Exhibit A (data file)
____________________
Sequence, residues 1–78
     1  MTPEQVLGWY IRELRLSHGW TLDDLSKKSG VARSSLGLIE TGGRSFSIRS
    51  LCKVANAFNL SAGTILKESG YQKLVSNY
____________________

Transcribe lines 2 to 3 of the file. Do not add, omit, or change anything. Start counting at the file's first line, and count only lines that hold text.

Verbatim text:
     1  MTPEQVLGWY IRELRLSHGW TLDDLSKKSG VARSSLGLIE TGGRSFSIRS
    51  LCKVANAFNL SAGTILKESG YQKLVSNY